Six months ago, I wouldn’t have been able to locate Namibia on an unmarked map, except to say that it’s in Africa. Danny and Gideon collaborated intensely on this part of the trip, so I decided to simply sit in the passenger seat and enjoy the view of the road, letting them decide upon places to skip and places to stop, and for how long.
The flight from Cape Town to Namibia’s capital, Windhoek, took us up and over some of the Atlantic coastline before circling back over land. No, dirt. Or dirt and sand. As we neared our destination, dozens of what looked like dirt paths appeared on the surface of this parched land, lines stretching miles from one location to another without any clear signs of why one would embark upon a journey where the road began, nor travel it, nor reach the equally vacant destination visible at its other end.
Those dirt paths turned out to be roads, and they constitute most of Nambia’s transportation infrastructure. Only one paved (in local argot, sealed) highway, admittedly with arterial branches, stretches from north to south; a second, west-east, connects the adjacent towns of Walvis Bay and Swakopmund on the Atlantic with Windhoek. This one runs through the most economically developed regions of the country. Mostly, mines: diamond mines, copper mines, tungsten mines, and two of the top-ten uranium mines in the world.
Hiss, Mom, Gideon advised as we passed it. That’s what they make nukes with.
The first time I’d heard the name Swakopmund was when we asked Jan, the proprietor of the Witsieshoek Lodge in South Africa’s Drakensburg, where he came from. He replied, uttering his hometown’s name with swagger – SWA KUP MUND—and from then on Danny, Gideon and I could utter the word no other way. As if this remote city – town, really—were in actuality the unspoken center of the earth. “It’s a strange place,” Jan continued. “Completely German. Like a little German city, set on the coast of the Atlantic in the emptiest part of Southern Africa.”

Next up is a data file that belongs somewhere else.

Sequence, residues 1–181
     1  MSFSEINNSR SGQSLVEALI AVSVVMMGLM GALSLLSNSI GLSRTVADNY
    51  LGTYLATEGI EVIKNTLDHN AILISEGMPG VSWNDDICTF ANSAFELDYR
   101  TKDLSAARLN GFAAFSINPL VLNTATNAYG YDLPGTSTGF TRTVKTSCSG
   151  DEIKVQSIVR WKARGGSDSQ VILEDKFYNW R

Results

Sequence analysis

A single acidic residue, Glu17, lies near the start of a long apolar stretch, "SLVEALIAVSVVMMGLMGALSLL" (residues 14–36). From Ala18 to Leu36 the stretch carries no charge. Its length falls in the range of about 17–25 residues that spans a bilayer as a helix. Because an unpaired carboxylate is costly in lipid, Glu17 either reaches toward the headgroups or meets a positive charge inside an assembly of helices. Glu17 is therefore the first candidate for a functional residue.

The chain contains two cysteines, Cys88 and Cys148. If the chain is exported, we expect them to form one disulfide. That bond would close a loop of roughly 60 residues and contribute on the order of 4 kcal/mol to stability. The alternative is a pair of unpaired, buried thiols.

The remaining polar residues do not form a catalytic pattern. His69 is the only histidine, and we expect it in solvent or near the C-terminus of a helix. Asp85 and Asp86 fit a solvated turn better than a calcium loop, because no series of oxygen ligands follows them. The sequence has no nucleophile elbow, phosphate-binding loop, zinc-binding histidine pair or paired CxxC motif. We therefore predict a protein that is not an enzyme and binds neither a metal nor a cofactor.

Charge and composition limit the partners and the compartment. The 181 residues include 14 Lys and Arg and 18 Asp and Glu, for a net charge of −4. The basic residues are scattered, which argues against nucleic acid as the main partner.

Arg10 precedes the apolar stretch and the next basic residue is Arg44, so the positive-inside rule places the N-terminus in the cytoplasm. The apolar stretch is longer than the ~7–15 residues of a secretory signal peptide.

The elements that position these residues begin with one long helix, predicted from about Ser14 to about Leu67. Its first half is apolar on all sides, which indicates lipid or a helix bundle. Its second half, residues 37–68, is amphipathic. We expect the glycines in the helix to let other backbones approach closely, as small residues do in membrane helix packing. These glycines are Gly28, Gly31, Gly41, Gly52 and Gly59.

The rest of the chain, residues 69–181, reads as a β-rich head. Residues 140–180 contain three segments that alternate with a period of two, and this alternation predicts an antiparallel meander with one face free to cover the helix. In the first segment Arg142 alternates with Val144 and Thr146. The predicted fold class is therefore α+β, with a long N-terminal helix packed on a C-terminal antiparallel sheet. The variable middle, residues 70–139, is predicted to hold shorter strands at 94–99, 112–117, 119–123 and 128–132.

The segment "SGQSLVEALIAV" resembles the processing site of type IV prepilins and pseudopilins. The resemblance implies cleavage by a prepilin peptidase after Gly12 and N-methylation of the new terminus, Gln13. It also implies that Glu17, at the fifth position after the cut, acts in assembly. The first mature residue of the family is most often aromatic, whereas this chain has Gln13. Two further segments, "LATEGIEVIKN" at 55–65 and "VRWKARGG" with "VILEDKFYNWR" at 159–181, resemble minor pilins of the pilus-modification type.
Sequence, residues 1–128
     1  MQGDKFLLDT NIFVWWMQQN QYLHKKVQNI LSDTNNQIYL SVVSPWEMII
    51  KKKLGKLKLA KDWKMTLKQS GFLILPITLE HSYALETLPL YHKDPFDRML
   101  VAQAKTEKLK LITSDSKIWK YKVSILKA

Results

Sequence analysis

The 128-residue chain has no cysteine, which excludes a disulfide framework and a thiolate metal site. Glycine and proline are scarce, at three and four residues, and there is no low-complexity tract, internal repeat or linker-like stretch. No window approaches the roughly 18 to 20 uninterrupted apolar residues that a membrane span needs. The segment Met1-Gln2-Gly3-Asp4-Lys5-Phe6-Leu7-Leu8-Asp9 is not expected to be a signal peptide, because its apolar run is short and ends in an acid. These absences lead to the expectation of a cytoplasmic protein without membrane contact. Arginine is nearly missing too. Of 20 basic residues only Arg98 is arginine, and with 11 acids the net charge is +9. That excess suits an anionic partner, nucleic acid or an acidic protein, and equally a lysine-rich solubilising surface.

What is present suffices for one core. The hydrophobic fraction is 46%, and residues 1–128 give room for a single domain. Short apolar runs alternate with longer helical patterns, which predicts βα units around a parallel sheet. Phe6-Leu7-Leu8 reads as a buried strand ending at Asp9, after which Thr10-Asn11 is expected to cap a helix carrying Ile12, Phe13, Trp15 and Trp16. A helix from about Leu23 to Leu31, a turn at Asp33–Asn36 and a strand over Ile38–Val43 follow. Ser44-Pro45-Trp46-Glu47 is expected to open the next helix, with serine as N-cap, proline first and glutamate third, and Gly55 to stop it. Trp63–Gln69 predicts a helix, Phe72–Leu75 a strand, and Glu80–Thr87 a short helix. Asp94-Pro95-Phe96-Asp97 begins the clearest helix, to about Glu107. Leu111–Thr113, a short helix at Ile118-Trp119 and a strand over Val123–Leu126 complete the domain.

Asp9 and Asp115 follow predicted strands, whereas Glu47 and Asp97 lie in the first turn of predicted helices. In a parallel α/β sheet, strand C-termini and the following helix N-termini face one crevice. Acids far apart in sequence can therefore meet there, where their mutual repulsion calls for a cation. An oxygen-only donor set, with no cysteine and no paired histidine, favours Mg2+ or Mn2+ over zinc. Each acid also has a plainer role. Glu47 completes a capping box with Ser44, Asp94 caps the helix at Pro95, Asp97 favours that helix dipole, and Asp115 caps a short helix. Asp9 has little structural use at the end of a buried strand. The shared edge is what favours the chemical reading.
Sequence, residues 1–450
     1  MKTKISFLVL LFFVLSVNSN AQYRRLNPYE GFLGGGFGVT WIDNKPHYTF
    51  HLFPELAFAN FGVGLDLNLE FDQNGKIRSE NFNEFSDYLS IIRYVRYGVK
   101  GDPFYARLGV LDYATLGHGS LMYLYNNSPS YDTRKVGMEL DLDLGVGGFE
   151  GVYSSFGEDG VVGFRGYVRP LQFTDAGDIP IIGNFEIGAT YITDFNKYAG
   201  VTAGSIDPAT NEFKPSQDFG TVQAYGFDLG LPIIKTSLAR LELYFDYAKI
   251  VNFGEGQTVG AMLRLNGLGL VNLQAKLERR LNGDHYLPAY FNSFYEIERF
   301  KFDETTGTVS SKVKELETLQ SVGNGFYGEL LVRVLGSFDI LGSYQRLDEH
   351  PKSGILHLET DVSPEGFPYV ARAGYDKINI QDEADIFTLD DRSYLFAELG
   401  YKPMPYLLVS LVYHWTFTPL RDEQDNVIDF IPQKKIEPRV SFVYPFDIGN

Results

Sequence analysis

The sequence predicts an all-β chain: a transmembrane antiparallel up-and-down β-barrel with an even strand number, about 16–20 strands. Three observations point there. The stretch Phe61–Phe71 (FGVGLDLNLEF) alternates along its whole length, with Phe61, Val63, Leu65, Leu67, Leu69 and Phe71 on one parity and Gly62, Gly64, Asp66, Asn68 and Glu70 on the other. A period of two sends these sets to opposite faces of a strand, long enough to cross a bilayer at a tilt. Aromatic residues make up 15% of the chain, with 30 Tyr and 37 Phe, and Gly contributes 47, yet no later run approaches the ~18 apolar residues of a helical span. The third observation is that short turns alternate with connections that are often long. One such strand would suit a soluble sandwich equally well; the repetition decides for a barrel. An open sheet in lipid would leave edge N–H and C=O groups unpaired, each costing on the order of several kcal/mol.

That sold me. We must go. We’d planned to anyway, because it self-advertises as the extreme adventure capital of Southern Africa, and Gideon was determined to hurl himself out of an airplane in tandem with some stranger to whom he would entrust his very life. (As it turned out, he never did. Too cloudy, too cold.) But my determination became relevant during our visit to Sossusvlei, when the possibility of skipping Swakopmund arose more than once. And not without reason. The driving distances in Namibia seem absolutely endless: desolate hours upon hours pass, and you begin to feel as though you absolutely absolutely MUST be approaching your destination, when a quick check of the road map or the GPS ETA reveals that you’re less than halfway there, and before you lies miles, endless miles, of scrub brush, heat, and emptiness.
The wide, long, rattling journey from Sossusvlei to Swakopmund will surely always be one of most beautiful drives I have ever had the good fortune to enjoy. It’s not spectacular, like the drive from the San Francisco Bay Area up to Sea Ranch on the Pacific Coast, or the drive from Geneva to Lausanne. You really have to watch. I passed the hours gazing out onto these often flat, sometimes rolling expanses of land, parsing out how the sense of deep space came mostly from variations in color saturation, hue, and temperature, and noticing subtle shifts in the layered bands of browns, grays, thin, struggling greens. When the arid ground shifted from flat and sandy to inclined and rockier, my heart leapt, delighting in the textural variation.Nothing, nothing, nothing. Until you realize that nothing is something. Burrow into these muted colors and thin layers, into this topography. This landscape settles inside you, then stays.